His general drift was that the things that had exercised voters over time at General Elections should and were likely to influence them still: ‘we are not well fitted by our history to be the kind of people who just lie down & give up the ghost’ (p75).

He suggested that a symbol for a left approach to a General Election should be George Cruikshank’s Freeborn Englishman who found himself in 1820 with a padlock through his mouth (p85)

To be continued…






Labour Manifestos. 1983: before its time?

In Uncategorized on April 13, 2015 by kmflett

Labour Manifestos. 1983 : Before its time?


It is a little over 30 years since Mrs Thatcher defeated Michael Foot’s Labour in the 1983 General Election.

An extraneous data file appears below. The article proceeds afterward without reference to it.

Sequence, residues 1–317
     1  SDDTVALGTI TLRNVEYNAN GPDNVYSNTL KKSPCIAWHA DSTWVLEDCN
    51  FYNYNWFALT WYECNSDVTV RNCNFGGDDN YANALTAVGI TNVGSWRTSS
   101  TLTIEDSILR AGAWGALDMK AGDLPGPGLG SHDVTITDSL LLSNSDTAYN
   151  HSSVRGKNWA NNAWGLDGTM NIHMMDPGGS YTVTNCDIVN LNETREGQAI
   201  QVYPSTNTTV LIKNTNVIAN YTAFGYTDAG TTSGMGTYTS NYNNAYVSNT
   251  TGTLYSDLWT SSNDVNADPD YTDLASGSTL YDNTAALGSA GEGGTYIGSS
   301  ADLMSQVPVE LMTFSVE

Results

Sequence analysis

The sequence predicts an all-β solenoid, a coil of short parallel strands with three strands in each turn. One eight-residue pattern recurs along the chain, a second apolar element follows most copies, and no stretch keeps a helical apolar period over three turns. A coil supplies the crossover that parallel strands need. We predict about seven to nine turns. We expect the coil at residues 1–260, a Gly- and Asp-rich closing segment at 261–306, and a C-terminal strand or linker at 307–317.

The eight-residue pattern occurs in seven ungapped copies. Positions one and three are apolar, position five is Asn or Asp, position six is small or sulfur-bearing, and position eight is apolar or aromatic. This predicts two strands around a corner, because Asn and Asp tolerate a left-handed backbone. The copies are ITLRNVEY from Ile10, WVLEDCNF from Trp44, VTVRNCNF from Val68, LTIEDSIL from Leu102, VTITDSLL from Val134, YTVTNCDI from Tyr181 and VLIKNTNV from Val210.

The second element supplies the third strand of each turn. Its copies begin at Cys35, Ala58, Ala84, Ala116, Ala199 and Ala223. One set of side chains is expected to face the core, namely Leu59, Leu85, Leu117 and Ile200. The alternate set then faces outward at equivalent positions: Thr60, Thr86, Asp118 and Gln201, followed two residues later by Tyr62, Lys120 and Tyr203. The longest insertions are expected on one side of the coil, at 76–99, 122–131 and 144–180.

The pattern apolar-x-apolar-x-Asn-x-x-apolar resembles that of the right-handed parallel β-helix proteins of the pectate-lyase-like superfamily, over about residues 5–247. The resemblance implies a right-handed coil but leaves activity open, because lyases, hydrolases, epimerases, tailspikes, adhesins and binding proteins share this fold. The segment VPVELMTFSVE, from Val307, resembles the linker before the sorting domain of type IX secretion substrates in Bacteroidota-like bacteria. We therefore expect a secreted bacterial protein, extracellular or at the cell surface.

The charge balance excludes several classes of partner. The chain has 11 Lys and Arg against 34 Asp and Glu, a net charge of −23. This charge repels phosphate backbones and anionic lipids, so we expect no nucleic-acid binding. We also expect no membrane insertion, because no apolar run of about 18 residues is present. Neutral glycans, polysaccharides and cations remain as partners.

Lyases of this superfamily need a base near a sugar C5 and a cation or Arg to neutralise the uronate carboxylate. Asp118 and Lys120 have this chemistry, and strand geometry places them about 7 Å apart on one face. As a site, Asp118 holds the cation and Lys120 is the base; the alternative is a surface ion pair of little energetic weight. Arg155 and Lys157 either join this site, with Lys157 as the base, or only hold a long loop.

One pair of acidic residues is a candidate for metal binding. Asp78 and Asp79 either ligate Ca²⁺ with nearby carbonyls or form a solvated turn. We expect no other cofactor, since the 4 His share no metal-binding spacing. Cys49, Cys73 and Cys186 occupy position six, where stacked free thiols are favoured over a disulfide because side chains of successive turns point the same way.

According to a Radio 4 Archive Hour programme on the subject in 2013, the Labour Election campaign was shambolic and Foot, while appealing to some of Labour’s core vote, failed to connect to a wider audience.

In fact Foot won 8.4 million votes achieving 27.6% of the poll which was certainly on the low side. Labour has often topped 10 or 11 million votes in General Elections and on occasion higher. It is worth reflecting however that in 2010 Labour got 8.6 million votes and 29% of the poll.

The electoral focus in 1983 was the break-away of the Social Democratic Party to the right of Labour which split the left of centre vote and allowed Mrs Thatcher to achieve a decisive victory and Parliamentary majority. It might be argued that the Falklands War helped although it could also be noted that the Labour leadership under Foot had supported the war.